Simple Environment Mapping¶
There is a classic technique in real-time computer graphics for making objects appear shiny or reflective. It’s called environment mapping or sometimes reflection mapping or, in this case, sphere mapping.
Environment mapping is not ray tracing. But it’s a cheesy way to get a similar effect. The idea for both of them is that, mathematically, it’s easy to calculate the direction from which a ray of light must have been coming before it bounced off a particular point of a shiny object and entered your eye. If the renderer were using ray tracing, it would follow this ray, for each point on your shiny object, backwards from your eye, and determine what object in the environment the ray came from; and that’s what you’d see in the reflection.
Ray tracing is still too computation-intensive to be done in real time. But a reflection vector is easy to calculate per-vertex, and if we could turn a reflection vector into a (u, v) texture coordinate pair, the graphics hardware is particularly good at looking up the color in a texture image that corresponds to that (u, v) pair. So all we need is an image that shows the objects in our environment.
In sphere mapping, the 3-D reflection vector is turned into a 2-D texture coordinate pair by mathematically applying a spherical distortion. This means the environment map should be a view of the world as seen through a 360-degree fisheye lens, or as reflected in a shiny ball like a holiday ornament. You can see why it is called sphere mapping.
Panda3D can generate sphere maps for you. The above sphere map was generated with the following code:
scene = loader.loadModel('bvw-f2004--streetscene/street-scene.egg') scene.reparentTo(render) scene.setZ(-2) base.saveSphereMap('streetscene_env.jpg', size = 256)
The idea is simply to put the camera in the middle of your environment,
approximately where your shiny object would be. Then just call
and a suitable sphere map image will be generated and written to disk for you.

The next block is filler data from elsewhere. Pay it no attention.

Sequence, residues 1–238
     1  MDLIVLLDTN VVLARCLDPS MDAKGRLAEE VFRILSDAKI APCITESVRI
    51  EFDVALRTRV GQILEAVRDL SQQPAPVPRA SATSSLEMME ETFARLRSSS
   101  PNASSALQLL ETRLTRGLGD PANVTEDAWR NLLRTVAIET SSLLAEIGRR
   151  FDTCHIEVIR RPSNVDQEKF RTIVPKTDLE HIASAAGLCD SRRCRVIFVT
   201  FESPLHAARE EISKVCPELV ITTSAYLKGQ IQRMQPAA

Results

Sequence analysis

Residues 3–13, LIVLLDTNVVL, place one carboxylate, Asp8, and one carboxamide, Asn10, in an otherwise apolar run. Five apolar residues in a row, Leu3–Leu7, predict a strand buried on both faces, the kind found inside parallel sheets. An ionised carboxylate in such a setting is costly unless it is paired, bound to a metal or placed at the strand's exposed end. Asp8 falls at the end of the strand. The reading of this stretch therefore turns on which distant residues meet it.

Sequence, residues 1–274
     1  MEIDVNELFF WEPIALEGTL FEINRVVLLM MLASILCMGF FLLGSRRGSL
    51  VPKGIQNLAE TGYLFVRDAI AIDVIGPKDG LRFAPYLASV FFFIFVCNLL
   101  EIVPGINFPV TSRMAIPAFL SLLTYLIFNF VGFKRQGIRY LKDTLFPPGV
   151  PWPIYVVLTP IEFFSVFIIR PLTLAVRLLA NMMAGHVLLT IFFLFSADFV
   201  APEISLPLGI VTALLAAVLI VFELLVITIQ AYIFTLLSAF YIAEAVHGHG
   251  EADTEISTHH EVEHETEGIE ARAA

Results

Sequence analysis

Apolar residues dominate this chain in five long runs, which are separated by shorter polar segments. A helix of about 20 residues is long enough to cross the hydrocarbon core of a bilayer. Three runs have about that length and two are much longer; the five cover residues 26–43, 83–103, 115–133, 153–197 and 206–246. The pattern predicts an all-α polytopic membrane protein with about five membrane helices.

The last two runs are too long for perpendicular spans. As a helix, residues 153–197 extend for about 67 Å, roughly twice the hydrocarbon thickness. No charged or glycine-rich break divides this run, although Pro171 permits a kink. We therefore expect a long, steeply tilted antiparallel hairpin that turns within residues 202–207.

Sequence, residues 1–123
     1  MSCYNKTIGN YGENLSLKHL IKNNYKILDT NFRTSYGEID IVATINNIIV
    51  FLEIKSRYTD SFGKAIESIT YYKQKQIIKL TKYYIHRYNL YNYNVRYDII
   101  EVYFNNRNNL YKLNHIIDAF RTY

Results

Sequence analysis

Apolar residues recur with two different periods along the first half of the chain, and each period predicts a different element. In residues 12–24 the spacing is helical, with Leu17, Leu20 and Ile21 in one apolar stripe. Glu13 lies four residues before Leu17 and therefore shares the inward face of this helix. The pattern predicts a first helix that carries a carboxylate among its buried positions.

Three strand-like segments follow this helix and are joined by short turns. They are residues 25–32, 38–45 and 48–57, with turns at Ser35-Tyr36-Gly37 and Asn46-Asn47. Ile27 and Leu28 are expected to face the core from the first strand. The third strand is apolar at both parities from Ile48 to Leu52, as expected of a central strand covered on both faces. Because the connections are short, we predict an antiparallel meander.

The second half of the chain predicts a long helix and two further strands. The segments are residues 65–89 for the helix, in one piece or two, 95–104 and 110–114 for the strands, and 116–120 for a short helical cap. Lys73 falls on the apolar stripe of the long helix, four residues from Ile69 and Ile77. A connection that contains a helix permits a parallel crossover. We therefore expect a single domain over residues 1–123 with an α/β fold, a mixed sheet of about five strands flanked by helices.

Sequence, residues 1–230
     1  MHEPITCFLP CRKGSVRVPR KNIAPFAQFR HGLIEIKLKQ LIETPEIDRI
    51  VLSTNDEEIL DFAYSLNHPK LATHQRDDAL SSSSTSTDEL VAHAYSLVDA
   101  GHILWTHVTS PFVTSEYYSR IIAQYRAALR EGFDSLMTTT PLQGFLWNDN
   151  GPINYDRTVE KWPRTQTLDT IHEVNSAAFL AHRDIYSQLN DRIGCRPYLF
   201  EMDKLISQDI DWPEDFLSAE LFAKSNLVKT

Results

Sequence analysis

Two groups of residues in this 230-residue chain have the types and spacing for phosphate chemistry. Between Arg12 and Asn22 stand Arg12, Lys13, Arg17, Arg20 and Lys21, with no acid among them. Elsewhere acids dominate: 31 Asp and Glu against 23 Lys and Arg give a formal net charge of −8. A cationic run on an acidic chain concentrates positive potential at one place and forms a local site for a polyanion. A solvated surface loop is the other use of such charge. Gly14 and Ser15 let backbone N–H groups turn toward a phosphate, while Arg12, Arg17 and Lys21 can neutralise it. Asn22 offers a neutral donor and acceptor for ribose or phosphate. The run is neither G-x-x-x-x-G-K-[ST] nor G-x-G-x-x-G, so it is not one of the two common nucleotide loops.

Now you can apply the environment map to just about any object you like. For instance, the teapot:
tex = loader.loadTexture('streetscene_env.jpg') teapot.setTexGen(TextureStage.getDefault(), TexGenAttrib.MEyeSphereMap) teapot.setTexture(tex)
In this example, you can see that the key to sphere mapping in Panda is to set the TexGen mode to MEyeSphereMap. This mode computes a spherical (u, v) texture coordinate pair based on the reflection vector for each vertex of the teapot. In order for this to work, your model must have normals defined for all its vertices (the teapot has good normals).
Shiny teapots are one thing, but it would be nice to make something like, say, a car look shiny. We could just do exactly the same thing as above, but our car has a texture map already. If we just replace the texture map with the environment map we’ll end up with a chrome car:
car = loader.loadModel('bvw-f2004--carnsx/carnsx.egg') tex = loader.loadTexture('streetscene_env.jpg') car.setTexGen(TextureStage.getDefault(), TexGenAttrib.MEyeSphereMap) car.setTexture(tex, 1)
That looks pretty silly. So we’d really prefer to use multitexture to apply both the car’s regular texture, and layer a little bit of shine on top of that. We’ll use Add mode to add the environment map to the existing color, which is appropriate for a shiny highlight on an object.
In order to use Add mode without oversaturating the colors, we need to darken
the environment map substantially. We could use any image processing program to
do this; for this example, we’ll use Panda3D’s
image-trans -cscale 0.2 -o streetscene_env_dark.jpg streetscene_env.jpg
So the new map looks like this:
While we’re fixing things up, let’s move the wheels to a different node, so we can assign the shine just to the metal and glass body of the car:
car = loader.loadModel('bvw-f2004--carnsx/carnsx.egg') body = car.find('**/body') body.findAllMatches('**/FL_wheel*').reparentTo(car)
And now the shine is applied like this:
tex = loader.loadTexture('streetscene_env_dark.jpg') ts = TextureStage('env') ts.setMode(TextureStage.MAdd) body.setTexGen(ts, TexGenAttrib.MEyeSphereMap) body.setTexture(ts, tex)
Note that the shiny highlights are now quite subtle, but still compelling, especially when you see the car move.
The sphere map technique isn’t perfect. The biggest problem with it is that you have to prepare it ahead of time, which means you have to know exactly what will be reflected in your shiny objects–it’s impossible for an object to reflect a dynamic object (for instance, an adjacent car).
Another problem is that the point-of-view is baked into the sphere map, so that if the camera were to swing around to view the car from the other side, the things you could see in the reflection would still be the objects behind the camera on this side.
Both of these problems can be solved by cube mapping, which is a more advanced technique for, among other things, applying environment maps. However, cube maps aren’t always ideal; very often, the venerable sphere map really is the best choice.
It is rare that an application presents a closeup view of a smooth, round mirrored object in which you can see reflections clearly, like the teapot example above; usually, reflections are just a subtle glinting on the surface, like the car. In these cases the sphere map is ideal, since it is not so important exactly what the reflections are, but simply that there are reflections. And the sphere map is the easiest and fastest way to render reflections.